A reminder that Minnesota now releases data updates only once a week, on Thursday. Dave has been able to work with the data to continue to deliver most of the charts you were used to seeing. And he continues to push for the release of information that is necessary to understand epidemic trends in the state and nationally. The epidemic is now clearly centered in the vaxed and boosted populations, who make up the vast majority of people. In the most recent reported week, back in June, 74% of cases, 66% of hosps and 75% of deaths were in the vaxed and vaxed and boosted populations. These are similar to the proportions they represent of the population. This is a big picture representation of how ineffective the vaccines and boosters are after a few months. Look in particular at the lack of protection of being vaxed and boosted in regard to hospitalizations.
- This post is an update to the breakthrough data table and charts published on 7/20/22 here: https://healthy-skeptic.com/
2022/07/20/breakthrough- events-july-14-overall- population/. This week’s update adds data for the week ending 6/26/2022, newly published by the Minnesota Department of Health (MDH) on 7/21/2022. In addition, there are relatively minor updates to prior weeks as well.
- The breakthrough data files are available here, https://www.health.state.mn.
us/diseases/coronavirus/stats/ vbt.html , in the notes under the graphic images.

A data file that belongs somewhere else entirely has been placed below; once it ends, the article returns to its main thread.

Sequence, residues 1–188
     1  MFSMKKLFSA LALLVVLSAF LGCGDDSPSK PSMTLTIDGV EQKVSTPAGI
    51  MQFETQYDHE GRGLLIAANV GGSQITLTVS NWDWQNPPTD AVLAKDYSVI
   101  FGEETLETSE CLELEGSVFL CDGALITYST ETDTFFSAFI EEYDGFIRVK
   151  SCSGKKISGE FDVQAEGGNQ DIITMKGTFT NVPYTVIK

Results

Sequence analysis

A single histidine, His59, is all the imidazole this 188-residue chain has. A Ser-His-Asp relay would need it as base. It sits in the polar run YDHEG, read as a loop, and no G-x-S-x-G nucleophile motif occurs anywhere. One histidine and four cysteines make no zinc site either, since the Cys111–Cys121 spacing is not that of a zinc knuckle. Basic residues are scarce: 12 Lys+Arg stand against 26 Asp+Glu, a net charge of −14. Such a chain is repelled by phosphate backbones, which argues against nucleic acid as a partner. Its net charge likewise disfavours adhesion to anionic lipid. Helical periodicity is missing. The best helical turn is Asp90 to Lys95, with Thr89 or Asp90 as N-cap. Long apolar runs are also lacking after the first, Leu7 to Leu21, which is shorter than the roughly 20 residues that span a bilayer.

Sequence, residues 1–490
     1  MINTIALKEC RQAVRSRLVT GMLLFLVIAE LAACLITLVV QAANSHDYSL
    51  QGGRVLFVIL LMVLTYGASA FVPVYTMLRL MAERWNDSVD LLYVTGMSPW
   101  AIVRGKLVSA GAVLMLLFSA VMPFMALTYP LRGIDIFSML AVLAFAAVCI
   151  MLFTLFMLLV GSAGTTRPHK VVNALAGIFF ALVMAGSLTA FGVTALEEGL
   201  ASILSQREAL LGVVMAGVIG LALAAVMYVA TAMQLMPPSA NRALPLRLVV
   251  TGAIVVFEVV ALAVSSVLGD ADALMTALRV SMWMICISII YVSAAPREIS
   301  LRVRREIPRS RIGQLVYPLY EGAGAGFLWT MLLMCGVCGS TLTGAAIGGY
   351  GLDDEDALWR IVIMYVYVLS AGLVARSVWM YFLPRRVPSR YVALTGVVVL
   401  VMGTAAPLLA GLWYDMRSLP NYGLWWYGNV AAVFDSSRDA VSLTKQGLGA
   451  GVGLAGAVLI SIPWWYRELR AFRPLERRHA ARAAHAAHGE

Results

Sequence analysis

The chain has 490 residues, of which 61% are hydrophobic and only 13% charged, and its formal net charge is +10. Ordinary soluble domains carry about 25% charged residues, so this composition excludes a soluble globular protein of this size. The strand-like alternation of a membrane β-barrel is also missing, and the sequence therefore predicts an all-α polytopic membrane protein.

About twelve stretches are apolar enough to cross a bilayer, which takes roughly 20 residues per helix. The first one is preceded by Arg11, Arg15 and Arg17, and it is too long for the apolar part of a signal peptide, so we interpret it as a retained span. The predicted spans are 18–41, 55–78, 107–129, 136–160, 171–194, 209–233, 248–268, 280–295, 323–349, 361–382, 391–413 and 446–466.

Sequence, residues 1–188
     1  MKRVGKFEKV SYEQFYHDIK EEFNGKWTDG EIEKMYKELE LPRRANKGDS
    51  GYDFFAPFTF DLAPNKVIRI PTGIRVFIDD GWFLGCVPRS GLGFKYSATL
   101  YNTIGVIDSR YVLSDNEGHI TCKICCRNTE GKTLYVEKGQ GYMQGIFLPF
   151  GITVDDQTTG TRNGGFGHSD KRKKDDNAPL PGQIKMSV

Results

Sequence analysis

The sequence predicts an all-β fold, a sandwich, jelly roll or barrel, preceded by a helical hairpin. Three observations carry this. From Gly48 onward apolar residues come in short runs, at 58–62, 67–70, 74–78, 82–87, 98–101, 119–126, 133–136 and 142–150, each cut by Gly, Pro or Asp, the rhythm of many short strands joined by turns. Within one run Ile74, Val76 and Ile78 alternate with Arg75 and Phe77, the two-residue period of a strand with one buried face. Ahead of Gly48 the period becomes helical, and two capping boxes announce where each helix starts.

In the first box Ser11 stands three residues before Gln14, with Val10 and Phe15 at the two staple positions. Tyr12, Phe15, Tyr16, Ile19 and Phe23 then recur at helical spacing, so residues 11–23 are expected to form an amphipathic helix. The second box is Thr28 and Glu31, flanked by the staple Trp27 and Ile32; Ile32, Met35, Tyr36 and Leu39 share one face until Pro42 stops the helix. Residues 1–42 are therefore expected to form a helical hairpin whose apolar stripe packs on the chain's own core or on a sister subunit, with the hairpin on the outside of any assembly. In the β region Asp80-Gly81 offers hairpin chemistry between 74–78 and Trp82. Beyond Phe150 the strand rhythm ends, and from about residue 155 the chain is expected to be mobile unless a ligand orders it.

- The charts in Fig. 2 through 10 continue 3 charts for each type of event (cases, admissions, or deaths). The first chart for each type is the number of events each week, illustrating in raw numbers the trend on the pandemic for the overall population, and the impact of each sub-group. The second chart is the rate of events per 100k each week, displaying the risk to an individual in each category at different times during the pandemic. The third chart for each type of event is the proportions of event compared to the proportion of the population type (unvaccinated, vaccinated, or boosted). This chart helps show whether or not vaccination or boosting is effective in reducing the impact of the pandemic, by comparing the proportion of events to the proportion of the population.
- Fig. 1: This table displays the total cases, hospital admissions, and deaths that occurred each week among the unvaccinated, vaccinated but not boosted, and vaccinated and boosted populations. The week of 6/26/2022 has been added, one additional week compared to last week’s publication. This data is obtained from the data files vbtadultcirates.xlsx and vbtpedocirates.xlsx, available in the notes under the graphics on the MDH Vaccinate Breakthrough Weekly Update web page https://www.health.state.mn.
us/diseases/coronavirus/stats/ vbt.html. The week of 6/26/2022 is very similar to the week of 6/19/2022.
- Fig. 2: This chart simply plots the cases among the unvaccinated, vaccinated but not boosted, and vaccinated and boosted populations each week, as found in Fig. 1. Note that the sharp increase in unvaccinated cases (purple curve) for 6/12/2022 has yet to be revised away, meaning that MDH’s data shows this increase in cases for this week for unknown reasons.